and even if there isn't a vehicle available, since most small families, let alone single dwellers can't protect the perimiter of the building all it takes is one intruder on the roof with the means to set the whole house afire.

as for hardening door ways, back when I worked in a hardware store years back we used to sell a kit for solid wood/steel construction doors with wood jambs that consisted of iirc a 1/4" and 3/8" drill bit, 4 6" 5/16" lag bolts, approx 20 6" deck/wood screws and a steel wrap around 1/8" plate for the door knob/dead bolt with a matching plate that was secured to the jamb with 6" lag screws (the jamb had to be modified to accept this plate so the door would close).

the whole premis of the deal was you installed the deck screws through both side jambs every 6" to 8" top to bottom; then drilled pilot holes and installed the 5/16" lag bolts evenly spaced from top to bottom through the door hinges leaving approx 1 to 11/2" sticking out, then you cut the heads off just leaving a stud sticking out, then with the 3/8" bit you mod'd a slot into the door side hinge so it would close over the stud sticking out of the jamb.


we sold cases of these kits, can't recall if we ordered from corporate warehouse or a local vendor, seen it installed on a lot of customer's doors, don't know how well it'd hold up to a battering ram, but it looked like it would provide a bit more support, only weak spot I'd think would be on the lock side, but that was what the steel wrap around plates were supposed to provide for.

don't know about windows, but I'd think that you could probably find a local shop that sells steel sheathing/material that could probably fabricate shutters or wrought iron bars/shutters that could be closed to secure the windows; it'd be fairly expensive though.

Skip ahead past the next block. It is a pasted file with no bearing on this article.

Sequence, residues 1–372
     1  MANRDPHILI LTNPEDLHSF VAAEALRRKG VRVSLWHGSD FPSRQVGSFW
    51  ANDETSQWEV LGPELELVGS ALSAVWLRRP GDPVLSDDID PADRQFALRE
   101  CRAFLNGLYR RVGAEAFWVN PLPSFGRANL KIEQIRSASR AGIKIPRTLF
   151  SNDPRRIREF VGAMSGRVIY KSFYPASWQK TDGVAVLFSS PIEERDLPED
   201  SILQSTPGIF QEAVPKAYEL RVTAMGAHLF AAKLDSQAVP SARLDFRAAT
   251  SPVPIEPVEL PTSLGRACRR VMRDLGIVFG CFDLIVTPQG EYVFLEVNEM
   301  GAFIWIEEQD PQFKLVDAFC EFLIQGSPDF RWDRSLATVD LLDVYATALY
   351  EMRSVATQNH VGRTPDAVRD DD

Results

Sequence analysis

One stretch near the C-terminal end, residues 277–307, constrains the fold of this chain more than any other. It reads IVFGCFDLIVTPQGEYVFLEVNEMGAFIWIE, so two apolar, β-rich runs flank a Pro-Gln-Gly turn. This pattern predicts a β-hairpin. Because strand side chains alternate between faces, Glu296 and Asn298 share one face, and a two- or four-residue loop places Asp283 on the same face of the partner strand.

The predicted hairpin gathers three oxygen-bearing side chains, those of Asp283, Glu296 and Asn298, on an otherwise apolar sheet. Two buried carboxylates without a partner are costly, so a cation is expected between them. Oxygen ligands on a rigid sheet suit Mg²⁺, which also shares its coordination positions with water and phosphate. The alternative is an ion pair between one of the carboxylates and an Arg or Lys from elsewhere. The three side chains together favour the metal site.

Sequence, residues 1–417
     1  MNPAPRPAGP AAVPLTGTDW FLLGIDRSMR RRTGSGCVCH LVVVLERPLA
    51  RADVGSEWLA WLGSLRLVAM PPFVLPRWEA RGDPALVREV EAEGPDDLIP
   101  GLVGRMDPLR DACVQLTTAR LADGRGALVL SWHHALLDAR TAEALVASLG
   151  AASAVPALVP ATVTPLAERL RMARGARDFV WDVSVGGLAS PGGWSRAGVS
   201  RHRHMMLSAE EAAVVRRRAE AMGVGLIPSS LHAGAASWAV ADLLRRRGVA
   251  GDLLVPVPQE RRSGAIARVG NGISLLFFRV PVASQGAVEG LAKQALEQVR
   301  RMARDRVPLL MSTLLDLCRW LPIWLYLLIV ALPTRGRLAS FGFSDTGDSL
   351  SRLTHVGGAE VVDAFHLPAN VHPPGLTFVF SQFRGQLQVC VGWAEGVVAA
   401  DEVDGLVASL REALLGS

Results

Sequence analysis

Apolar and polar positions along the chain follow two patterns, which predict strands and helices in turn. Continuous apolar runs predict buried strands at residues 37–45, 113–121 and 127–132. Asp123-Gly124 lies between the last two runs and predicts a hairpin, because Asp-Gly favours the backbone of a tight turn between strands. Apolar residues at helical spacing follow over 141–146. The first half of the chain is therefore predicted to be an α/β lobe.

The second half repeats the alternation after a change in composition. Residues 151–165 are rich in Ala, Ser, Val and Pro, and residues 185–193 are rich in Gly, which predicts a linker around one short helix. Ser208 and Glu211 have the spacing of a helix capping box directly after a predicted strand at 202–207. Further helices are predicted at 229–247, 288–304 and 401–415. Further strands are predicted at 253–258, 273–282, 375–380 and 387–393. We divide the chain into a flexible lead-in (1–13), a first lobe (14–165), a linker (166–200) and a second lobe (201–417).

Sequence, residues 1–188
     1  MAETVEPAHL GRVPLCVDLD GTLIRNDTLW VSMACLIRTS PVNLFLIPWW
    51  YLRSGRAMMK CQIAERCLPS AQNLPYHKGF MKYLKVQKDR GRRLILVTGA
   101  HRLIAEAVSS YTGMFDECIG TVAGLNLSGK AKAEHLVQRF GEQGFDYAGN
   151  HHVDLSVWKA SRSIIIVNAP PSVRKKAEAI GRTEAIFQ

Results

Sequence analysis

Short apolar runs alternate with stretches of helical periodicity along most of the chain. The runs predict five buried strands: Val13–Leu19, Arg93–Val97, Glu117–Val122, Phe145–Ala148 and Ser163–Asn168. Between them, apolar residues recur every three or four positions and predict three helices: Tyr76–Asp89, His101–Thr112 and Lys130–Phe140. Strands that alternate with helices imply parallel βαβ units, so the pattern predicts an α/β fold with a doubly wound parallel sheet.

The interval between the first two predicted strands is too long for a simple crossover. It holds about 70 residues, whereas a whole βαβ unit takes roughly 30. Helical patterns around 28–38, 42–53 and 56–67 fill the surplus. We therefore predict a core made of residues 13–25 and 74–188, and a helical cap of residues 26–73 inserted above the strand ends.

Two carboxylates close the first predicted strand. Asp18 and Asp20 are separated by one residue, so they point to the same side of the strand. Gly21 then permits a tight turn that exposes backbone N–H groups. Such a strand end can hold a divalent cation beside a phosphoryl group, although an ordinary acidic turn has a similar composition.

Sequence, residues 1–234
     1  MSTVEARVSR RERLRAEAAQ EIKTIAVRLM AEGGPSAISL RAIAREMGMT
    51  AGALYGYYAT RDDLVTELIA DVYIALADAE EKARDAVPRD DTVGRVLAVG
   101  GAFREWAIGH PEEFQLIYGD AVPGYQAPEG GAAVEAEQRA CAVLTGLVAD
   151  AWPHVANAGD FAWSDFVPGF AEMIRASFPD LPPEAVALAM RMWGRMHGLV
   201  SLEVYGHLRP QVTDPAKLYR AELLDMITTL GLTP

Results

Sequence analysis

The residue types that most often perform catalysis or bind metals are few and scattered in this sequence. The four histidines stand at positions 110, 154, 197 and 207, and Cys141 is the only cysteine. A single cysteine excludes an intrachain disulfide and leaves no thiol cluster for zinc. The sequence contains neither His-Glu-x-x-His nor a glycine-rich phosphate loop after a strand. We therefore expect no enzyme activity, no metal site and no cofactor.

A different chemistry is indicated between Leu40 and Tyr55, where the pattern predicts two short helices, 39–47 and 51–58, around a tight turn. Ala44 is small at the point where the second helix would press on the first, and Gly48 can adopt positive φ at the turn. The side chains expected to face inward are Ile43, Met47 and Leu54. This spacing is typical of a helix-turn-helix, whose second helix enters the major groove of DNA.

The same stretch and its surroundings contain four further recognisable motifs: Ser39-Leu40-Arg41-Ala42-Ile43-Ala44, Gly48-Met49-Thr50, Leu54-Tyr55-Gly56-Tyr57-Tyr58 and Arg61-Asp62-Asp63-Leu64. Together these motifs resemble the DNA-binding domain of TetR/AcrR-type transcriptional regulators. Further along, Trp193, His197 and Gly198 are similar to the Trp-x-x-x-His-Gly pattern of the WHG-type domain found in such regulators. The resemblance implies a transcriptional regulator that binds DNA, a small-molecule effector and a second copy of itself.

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Posted: 9/3/2011 7:11:17 AM EST
Originally Posted By CJan_NH:
Originally Posted By Noah120:
Originally Posted By CJan_NH:
Very true.

I've had issues here during extended power outages from ice storms of neighbors being extremely upset because I had a generator and they didn't. I've had to deal with attempts of theft and vandalism-and these were people that I had always gotten along with.

The entitlement mentality is a very ugly side of human behavior

Posted Via AR15.Com Mobile


Thanks. My blood pressure was fine. But nooo, you had to stir it up.

Sorry about that brother

Doc was right when he said jealousy was the original hate crime-it's really something to witness firsthand. I've had a neighbor in my face, screaming and spitting because I wouldn't let her borrow a generator. The kicker of it was that I probably would have let her borrow it if she had been a little nicer, been less demanding from the beginning, and had a realistic expectation of what she was going to use it for. It's almost surreal to be told to "sleep with one eye open" by a person whom you've had over for backyard barbeques.



Wow. Thats cold blooded neighbors. The kind of people you try to persuade to relocate. This story needs a thread all to itself.
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Posted: 9/3/2011 8:03:24 AM EST
"Look wise, say nothing, and grunt. Speech was given to conceal thought."

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Posted: 9/3/2011 8:16:33 AM EST
[Last Edit: 9/3/2011 10:59:28 AM EST by tc556guy]
Originally Posted By TriumphRider:

I would like to hear your ideas about what we can do to improve our house's resistance to attack by zombies (or whatever threat you like) when we have decided to try and survive a SHTF situation by bugging in.


http://www.castlemagic.com/color.html

http://www.missilebases.com/

Your typical modern American house is a poor candidate for what you suggest due to a number of factors such as location or construction methods.

Originally Posted By TheGrayMan:
Originally Posted By keninnavarre:
Originally Posted By CJan_NH:


Doc was right when he said jealousy was the original hate crime-it's really something to witness firsthand. I've had a neighbor in my face, screaming and spitting because I wouldn't let her borrow a generator. The kicker of it was that I probably would have let her borrow it if she had been a little nicer, been less demanding from the beginning, and had a realistic expectation of what she was going to use it for. It's almost surreal to be told to "sleep with one eye open" by a person whom you've had over for backyard barbeques.